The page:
Lenin in Ruins: 'Let Everything Be Temporary' (fwd)

Jamal Hannah jah at SPAMiww.org
Sat Dec 11 00:30:40 MST 1999



Ok. Now that the discussion of anarchism vs. marxism-leninism is over, I
thought I'd forward this message here. I actualy LIKE this stuff Lenin
said about what art should be.  I think that was a cool idea, and I do
not see why anarchists would disagree with it, though many would probabaly
say that to order all artists to do a certain type or art would be a
mistake.. however, consider the forms bourgeoise art could porribly take:

1) art making fun of the revolutionaries, the revolution, or individuals
important to the revolution.

2) art that is intended as advertizing.

3) art that is masterbatory/sexualy explicit.

4) art that means nothing.

5) art that enshrines capitalism or capitalist values (dollar signs?)

Note that the masses would find most of this art a bore, I think, and
there would be no need to "ban" it.  Of course advertizing would be
destroyed by the direct-action of workers opposing capitalism.
Sexual art could be debated, but should not be limited by the state.
If radical feminists really hated some art, they could always create
art making fun of it or deconstructing it.. or they could just destroy it,
but this would be drastic.

The point is, there's no reason for art to be controlled by the
revolutionary forces, so much as INSPIRED by it and nudged along in a
certain direction. I do not think the capitalist "romantic realism" of Ayn
Rand's objectivists would be very popular. (anyway, it's just a rip-off of
social realism just like Nazi art was a ripoff of socialist realism) Of
course, some very good artists might go over to the side of the
bourgeoisie, but there will always be good artists on the side of the
revolutionaries too.

I think a cruical thing about leninism is this: the parts of leninism that
were GOOD can easily be swept away by the next leader who comes to power
in a party-based system using democratic centralism. There needs to be
safegaurds against this.. there needs to be protection of the democratic
process.  I think marxists like Rosa Luxemburg were great.. but what
happends after she is dead and stalinists take over?  You must have a way
to avoid this.

 - Jamal

---------- Forwarded message ----------
Date: Fri, 10 Dec 1999 16:06:36 -0500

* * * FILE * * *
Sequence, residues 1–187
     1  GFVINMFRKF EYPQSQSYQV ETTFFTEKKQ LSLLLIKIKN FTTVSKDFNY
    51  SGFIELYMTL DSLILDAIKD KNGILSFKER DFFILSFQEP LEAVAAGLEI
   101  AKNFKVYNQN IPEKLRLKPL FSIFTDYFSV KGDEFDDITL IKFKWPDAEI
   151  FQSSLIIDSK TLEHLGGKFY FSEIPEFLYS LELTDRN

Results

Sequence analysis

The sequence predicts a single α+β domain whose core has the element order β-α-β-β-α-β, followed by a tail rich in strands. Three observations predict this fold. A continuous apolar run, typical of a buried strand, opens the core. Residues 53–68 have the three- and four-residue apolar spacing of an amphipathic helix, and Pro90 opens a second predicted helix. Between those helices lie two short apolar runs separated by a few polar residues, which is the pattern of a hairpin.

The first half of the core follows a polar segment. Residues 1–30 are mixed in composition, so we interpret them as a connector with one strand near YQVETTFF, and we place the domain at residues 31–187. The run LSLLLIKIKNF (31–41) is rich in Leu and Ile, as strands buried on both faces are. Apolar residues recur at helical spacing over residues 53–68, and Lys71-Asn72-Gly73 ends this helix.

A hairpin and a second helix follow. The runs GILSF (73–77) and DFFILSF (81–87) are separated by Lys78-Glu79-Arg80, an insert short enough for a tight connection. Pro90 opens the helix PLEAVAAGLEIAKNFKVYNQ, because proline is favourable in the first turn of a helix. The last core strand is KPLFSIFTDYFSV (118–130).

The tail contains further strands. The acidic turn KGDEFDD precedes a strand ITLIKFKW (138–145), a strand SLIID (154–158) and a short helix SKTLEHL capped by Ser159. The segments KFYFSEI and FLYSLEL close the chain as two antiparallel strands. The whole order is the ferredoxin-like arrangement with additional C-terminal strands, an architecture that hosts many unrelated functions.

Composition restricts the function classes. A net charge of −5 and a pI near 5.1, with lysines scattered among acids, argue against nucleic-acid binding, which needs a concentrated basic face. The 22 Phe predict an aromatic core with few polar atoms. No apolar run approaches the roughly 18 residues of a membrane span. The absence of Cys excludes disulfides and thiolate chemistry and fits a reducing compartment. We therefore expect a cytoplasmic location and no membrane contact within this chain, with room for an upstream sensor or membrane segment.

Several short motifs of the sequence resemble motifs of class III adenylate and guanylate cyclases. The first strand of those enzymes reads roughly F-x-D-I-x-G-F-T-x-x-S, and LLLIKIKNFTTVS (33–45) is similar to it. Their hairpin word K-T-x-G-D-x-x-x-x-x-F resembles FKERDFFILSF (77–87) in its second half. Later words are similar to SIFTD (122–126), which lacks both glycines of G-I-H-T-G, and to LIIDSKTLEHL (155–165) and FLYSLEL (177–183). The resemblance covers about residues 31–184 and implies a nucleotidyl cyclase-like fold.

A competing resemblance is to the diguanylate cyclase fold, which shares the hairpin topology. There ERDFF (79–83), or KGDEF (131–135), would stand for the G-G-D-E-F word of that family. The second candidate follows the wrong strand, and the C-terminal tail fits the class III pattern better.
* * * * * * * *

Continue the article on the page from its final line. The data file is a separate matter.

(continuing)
From: Yoshie Furuhashi <furuhashi.1 at osu.edu>
To: lbo-talk at lists.panix.com
Subject: Lenin in Ruins: 'Let Everything Be Temporary'

Mark Lewis writes in "What Is To Be Done," _Ideology and Power in the Age
of Lenin in Ruins_, eds. Arthur and Marilouise Kroker (NY: St. Martin's
Press, 1991):

*****   All over Eastern Europe, every day for some months, cities have
been overseeing the removal of busts, statues, bas reliefs and pictures of
Lenin.  These are images that are hated by many, hated because they are
understood and perceived as synecdoches for equally despised communist
regimes.  But, of course, Lenin was always much more than this simple
representation.  And there is indeed some sense of the idea of Leninism
which survives today, survives despite the wholesale removal of his public
effigies, survives the very fact that these monuments were ever built in
the first place.  Perhaps the removal of these massive monuments is not
totally incommensurate with some of the original ideas of Lenin,
particularly those ideas he had about a revolutionary public art.  This is
not to say that I think that the monuments should necessarily be removed,
destroyed or displaced (on this matter I can confess only to the most
profound ambivalence), but what I want to recognize is that the Lenin of
1917-1918, the Lenin of "On the Monuments of the Republic"[17] might never
have approved of the original erection of the bronze statues, in Bucharest
or elsewhere.  Insofar as this idea(lism) of Lenin can be said to be
remembered today, I want to briefly examine Lenin's relationship to the
question of public art as it emerged during the immediate months after the
October Revolution.

By the time of the 1917 revolution, Lenin had already insisted that art
under socialism should no longer serve the elite of society, "those 10,000
suffering from boredom and obesity; it will rather serve the 10's of
millions of labouring people, the flower of the country, its future".[18]
In order to further this aim, Lenin proposed what he called a _Monumental
Propaganda_.  This was to be a so-called "people's" art, one that would
become part of everyday life, assisting in the ideological shaping of a new
revolutionary mass consciousness.  Lenin argued that this Monumental
Propaganda should be produced through the posing and installation of
slogans and other "quickly executed forms."  Even more important to Lenin
were "the statues -- be they busts or bas reliefs of figures and
groups."[19]  The statues were _not_ to be made of marble, bronze or
granite, but on the contrary, were to be extremely modest in their
production, and should take advantage of cheap and readily available
materials such as plaster.  Lenin felt that these works should react to the
moment, that their objective was always to instruct within the context of
particular celebrations.  Above all, wrote Lenin, "Let everything be